SNL Retro: Karen Black/John Prine (10/16/76)

Posted: June 18, 2010 by Brendan Wahl in SNL Retro Reviews
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by Brendan Wahl

(Season 2, Episode 4)

It seems like any episode that would have to follow the previous one with Eric Idle would be doomed to fail. Despite having a week off after Idle/Cocker, Stuff, one would think that the cast would be riding high on that wave of success and perhaps not have that same raw ability to pull off two gems in a row. However, I would not ever rule the Not Ready For Primetime Players out.

This week, Karen Black becomes captain of the comedic ship as it were and hopes to land in some funny waters. Okay, my analogies/similes/metaphors are terrible. Let’s move on.

Karen is a pretty good actress mostly known for Airport ’75 at the time of this show airing but also in quite a bit of exploitation fare. Karen has an indescribable quirk about her that makes her stand out from other bland celebrities but by now, she just looks like a haggard old woman. Oh, and at the time I guess she had become a mother fairly recently.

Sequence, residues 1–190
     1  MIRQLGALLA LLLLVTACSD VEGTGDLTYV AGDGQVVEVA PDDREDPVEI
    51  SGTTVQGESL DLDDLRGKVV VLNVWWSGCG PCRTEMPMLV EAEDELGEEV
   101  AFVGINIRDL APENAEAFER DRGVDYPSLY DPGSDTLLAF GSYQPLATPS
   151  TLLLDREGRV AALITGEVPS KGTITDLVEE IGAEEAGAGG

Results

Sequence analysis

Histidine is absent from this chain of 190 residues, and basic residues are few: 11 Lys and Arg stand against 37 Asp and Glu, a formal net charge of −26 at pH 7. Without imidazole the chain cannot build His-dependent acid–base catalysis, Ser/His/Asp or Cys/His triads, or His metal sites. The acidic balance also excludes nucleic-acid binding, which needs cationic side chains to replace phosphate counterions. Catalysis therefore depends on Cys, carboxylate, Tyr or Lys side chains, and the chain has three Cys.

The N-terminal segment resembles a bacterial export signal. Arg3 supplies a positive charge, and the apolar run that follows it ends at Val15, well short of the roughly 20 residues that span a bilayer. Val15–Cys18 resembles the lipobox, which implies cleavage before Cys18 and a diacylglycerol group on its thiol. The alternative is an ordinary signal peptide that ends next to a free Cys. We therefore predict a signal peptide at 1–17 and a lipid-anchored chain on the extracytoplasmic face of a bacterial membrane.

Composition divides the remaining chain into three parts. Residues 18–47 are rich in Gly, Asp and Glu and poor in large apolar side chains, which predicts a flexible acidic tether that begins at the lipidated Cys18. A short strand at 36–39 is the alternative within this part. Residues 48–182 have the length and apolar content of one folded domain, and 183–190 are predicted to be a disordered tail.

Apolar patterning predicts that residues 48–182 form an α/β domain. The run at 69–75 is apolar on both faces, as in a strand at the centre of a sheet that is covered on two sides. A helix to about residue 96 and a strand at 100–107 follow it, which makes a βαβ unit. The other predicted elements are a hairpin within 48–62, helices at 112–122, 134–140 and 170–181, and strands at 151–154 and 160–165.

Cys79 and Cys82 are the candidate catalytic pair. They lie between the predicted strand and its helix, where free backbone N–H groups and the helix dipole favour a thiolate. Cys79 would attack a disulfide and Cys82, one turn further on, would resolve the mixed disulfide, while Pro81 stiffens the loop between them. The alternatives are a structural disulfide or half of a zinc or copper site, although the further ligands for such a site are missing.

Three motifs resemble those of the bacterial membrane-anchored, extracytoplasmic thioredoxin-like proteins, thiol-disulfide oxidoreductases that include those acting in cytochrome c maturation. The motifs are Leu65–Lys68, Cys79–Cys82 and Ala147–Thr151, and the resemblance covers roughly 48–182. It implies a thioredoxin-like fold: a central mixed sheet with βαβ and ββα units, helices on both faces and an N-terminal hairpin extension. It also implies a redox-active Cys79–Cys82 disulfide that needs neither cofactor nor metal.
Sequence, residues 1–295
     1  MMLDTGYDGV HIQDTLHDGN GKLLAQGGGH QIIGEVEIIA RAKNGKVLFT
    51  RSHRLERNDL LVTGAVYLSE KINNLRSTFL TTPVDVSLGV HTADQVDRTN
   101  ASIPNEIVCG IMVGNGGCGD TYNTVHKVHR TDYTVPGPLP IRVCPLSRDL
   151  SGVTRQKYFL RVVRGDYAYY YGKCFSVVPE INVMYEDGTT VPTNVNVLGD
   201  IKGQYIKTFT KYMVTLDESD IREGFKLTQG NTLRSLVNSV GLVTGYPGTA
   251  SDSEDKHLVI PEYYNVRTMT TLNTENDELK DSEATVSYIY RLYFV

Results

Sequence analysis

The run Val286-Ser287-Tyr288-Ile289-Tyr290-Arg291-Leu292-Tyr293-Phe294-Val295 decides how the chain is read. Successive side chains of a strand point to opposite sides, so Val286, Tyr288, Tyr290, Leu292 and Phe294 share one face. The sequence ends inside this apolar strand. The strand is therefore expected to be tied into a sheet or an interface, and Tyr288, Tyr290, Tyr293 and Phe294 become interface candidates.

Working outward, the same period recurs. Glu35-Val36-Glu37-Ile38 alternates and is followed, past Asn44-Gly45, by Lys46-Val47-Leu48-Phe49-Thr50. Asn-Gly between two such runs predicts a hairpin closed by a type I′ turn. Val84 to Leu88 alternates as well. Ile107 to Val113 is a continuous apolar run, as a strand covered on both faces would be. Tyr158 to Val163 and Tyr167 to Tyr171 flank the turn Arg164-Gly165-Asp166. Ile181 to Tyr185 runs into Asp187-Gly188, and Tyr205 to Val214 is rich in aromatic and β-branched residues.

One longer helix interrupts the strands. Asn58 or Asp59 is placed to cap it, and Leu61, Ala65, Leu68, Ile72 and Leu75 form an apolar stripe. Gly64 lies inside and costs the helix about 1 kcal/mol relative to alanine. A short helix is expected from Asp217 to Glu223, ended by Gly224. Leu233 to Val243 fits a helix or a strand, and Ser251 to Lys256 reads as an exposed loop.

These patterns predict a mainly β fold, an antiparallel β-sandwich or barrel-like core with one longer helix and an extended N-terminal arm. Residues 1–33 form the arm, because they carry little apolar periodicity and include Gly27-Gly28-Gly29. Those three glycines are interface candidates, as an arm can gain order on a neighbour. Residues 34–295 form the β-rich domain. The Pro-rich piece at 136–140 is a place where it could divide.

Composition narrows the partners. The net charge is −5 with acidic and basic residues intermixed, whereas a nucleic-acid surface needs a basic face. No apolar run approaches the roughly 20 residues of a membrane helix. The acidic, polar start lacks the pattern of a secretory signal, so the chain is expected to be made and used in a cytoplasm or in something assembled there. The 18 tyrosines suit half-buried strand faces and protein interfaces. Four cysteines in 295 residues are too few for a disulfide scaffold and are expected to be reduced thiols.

Joining her is country and folk singer John Prine, who was promoting a Best-Of album at the time. While I don’t really know much about Prine, he was apparently quite an influence on many singers at the time including Johnny Cash and Bob Dylan of all people. Prine was of a rare breed on SNL as well: a man with a single guitar and a song-story to sing/tell. While the show almost always relies on rock or Billboard chart-toppers today, in the early days they dabbled in some of the more relatively obtuse musicians that have appeared on the show.


1. Wheelchair Bound Chevy (1:06)

Jane reminds the audience that Chevy injured himself in the first show and then despite some trepidation about losing Update, Jane introduces him back to the show being wheeled out by Belushi. And of course, John dumps him out of the chair, causing the fall. Pretty lazy way to start the show. I don’t even know how to rate that, so let’s go with a C+

2. Monologue (2:45)